First synthesized in the late 19th century, it was recognized as an insecticide in the early 20th, and was later deployed in its current use. New Zealand, the largest consumer ofuses it to protect kiwis from the invasive Australian common brushtail possum. Population studies from the midth century onwards show topical fluoride reduces dental caries. This was first attributed to the conversion of tooth enamel hydroxyapatite into the more durable fluorapatite, but studies on pre-fluoridated teeth refuted this hypothesis, and current theories involve fluoride aiding enamel growth in small caries.
Twenty percent of modern pharmaceuticals contain fluorine. Tricyclics and other pres antidepressants had several side effects due to their non-selective interference with neurotransmitters other than the serotonin target; the fluorinated fluoxetine was selective and one of the first to avoid this problem. Many current antidepressants receive this same treatment, including the selective serotonin reuptake inhibitors : citalopramits isomer escitalopramand fluvoxamine and paroxetine.
These include ciprofloxacin and levofloxacin. Later compounds such as the fluorinated ethers sevoflurane and desflurane are better than halothane and are almost insoluble in blood, allowing faster waking times. Fluorine is often found in radioactive tracers for positron emission tomography, as its half-life of almost two hours is long enough to allow for its transport from production facilities to imaging centers.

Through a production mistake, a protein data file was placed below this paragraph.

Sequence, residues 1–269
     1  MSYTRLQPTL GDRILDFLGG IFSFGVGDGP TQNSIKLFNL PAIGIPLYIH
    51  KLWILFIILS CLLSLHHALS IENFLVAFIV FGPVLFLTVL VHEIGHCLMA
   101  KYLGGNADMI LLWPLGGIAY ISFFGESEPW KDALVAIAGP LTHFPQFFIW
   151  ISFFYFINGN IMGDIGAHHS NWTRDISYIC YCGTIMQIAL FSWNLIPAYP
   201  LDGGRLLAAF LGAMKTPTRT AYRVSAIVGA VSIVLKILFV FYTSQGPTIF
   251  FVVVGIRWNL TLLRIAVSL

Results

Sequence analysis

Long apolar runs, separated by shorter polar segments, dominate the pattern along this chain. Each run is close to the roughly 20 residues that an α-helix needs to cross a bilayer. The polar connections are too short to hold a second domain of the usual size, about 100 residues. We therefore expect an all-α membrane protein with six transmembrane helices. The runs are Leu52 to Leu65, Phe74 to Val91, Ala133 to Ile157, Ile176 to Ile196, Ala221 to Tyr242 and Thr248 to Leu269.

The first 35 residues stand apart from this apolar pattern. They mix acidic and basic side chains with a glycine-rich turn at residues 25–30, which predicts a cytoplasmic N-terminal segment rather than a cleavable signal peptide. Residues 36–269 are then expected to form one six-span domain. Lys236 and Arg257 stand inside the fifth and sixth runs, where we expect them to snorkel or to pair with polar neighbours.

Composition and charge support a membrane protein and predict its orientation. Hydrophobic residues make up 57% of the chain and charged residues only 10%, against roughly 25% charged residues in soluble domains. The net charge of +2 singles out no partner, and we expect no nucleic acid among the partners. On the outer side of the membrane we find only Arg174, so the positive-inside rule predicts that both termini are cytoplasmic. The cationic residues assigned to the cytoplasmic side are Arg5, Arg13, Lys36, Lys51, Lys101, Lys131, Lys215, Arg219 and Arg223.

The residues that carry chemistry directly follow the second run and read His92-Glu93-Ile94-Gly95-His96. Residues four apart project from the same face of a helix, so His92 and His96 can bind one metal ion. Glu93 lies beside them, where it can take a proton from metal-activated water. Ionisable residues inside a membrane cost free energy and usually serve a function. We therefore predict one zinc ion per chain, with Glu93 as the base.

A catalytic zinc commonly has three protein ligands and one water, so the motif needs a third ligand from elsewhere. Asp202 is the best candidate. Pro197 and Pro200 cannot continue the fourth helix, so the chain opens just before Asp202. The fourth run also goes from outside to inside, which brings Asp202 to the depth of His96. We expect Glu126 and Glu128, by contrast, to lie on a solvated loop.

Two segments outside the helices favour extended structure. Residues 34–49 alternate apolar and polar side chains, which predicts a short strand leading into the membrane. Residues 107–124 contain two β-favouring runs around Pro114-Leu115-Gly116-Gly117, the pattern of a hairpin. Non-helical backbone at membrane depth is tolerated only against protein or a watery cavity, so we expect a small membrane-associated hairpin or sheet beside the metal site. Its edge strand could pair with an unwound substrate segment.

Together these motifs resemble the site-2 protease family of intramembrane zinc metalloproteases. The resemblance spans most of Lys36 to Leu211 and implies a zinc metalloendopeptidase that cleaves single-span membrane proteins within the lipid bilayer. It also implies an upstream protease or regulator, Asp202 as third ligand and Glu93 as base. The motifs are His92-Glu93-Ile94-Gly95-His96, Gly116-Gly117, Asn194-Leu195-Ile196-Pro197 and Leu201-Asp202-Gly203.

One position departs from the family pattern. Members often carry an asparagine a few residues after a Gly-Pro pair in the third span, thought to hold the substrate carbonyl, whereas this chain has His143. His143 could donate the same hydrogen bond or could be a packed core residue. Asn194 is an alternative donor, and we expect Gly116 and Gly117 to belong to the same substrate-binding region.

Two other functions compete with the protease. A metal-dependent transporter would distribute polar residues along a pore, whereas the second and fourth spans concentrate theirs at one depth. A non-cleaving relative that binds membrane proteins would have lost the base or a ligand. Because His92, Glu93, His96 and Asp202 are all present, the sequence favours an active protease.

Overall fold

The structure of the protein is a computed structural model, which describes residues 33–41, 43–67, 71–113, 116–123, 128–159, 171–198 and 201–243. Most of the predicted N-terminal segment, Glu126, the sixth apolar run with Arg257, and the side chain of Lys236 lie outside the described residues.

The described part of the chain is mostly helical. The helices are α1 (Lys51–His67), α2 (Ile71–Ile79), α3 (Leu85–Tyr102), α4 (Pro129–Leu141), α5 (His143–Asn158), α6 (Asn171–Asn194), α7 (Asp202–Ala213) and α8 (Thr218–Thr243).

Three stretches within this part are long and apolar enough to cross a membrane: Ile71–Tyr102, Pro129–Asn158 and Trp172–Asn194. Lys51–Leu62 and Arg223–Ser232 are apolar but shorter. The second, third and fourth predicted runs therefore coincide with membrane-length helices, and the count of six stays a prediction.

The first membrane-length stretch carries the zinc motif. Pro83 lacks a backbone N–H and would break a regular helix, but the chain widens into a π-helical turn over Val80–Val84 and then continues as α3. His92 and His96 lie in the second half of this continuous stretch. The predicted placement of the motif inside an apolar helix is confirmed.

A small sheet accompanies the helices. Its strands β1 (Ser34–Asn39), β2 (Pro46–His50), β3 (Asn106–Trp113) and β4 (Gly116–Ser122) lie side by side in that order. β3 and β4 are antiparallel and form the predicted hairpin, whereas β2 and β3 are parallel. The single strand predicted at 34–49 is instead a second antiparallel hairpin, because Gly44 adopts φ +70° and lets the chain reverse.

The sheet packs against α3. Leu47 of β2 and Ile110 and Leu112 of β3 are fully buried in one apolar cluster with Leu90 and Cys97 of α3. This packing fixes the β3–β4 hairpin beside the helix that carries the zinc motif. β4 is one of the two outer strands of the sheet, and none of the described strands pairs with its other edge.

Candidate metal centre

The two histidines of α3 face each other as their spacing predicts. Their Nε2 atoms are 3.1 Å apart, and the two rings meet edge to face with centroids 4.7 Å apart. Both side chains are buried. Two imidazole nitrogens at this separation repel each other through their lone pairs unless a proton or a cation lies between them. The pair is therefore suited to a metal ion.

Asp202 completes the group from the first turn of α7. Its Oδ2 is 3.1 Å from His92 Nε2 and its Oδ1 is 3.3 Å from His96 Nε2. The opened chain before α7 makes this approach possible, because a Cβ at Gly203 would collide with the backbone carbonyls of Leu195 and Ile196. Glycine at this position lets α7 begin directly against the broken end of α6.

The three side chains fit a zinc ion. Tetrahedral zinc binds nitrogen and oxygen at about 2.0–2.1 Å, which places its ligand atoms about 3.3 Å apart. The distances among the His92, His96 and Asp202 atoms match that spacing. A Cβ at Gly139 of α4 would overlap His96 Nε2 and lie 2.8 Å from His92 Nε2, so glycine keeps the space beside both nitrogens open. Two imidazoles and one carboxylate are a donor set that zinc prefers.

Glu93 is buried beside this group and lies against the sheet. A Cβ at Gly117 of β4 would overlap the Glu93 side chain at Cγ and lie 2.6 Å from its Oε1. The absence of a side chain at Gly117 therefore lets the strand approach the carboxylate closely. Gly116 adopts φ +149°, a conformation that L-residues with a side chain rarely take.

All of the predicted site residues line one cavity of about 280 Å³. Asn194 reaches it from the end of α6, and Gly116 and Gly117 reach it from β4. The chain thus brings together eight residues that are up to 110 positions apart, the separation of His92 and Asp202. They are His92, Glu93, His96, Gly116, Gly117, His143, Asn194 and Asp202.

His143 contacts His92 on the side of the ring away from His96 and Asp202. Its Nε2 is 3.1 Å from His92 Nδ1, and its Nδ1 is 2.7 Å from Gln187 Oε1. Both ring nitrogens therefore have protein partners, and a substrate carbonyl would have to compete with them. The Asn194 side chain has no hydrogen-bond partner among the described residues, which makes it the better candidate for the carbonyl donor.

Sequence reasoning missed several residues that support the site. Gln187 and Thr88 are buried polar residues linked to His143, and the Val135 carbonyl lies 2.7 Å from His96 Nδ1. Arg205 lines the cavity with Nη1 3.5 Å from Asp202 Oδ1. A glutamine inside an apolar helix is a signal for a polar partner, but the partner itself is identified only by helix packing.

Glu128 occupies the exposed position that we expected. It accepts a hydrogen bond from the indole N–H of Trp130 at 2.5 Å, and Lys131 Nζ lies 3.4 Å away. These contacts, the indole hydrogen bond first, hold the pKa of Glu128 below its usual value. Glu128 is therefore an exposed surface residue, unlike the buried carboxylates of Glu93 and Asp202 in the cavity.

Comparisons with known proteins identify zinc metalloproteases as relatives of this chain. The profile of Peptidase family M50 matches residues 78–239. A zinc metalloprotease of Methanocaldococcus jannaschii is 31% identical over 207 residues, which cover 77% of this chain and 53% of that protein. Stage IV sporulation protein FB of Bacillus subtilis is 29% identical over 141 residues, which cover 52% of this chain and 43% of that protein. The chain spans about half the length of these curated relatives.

Liquid fluorocarbons can hold large volumes of oxygen or carbon dioxide, more so than blood, and have attracted attention for their possible uses in artificial blood and in liquid breathing.
Partial and complete lung filling have been considered, though only the former has had any significant tests in humans.
Fluorine is not essential for humans and mammals, but small amounts are known to be beneficial for the strengthening of dental enamel where the formation of fluorapatite makes the enamel more resistant to attack, from acids produced by bacterial fermentation of sugars.
Small amounts of fluorine may be beneficial for bone strength, but the latter has not been definitively established. Natural organofluorines have been found in microorganisms and plants  but not animals. Elemental fluorine is highly toxic to living organisms. Its effects in humans start at concentrations lower than hydrogen cyanide 's 50 ppm and are similar to those of chlorine: significant irritation of the eyes and respiratory system as well as liver and kidney damage occur above 25 ppm, which is the immediately dangerous to life and health value for fluorine.
Hydrofluoric acid is the weakest of the hydrohalic acids, having a pKa of 3. It is able to attack glass, concrete, metals, organic matter. Hydrofluoric acid is a contact poison with greater hazards than many strong acids like sulfuric acid even though it is weak: it remains neutral in aqueous solution and thus penetrates tissue faster, whether through inhalation, ingestion or the skin, and at least nine U.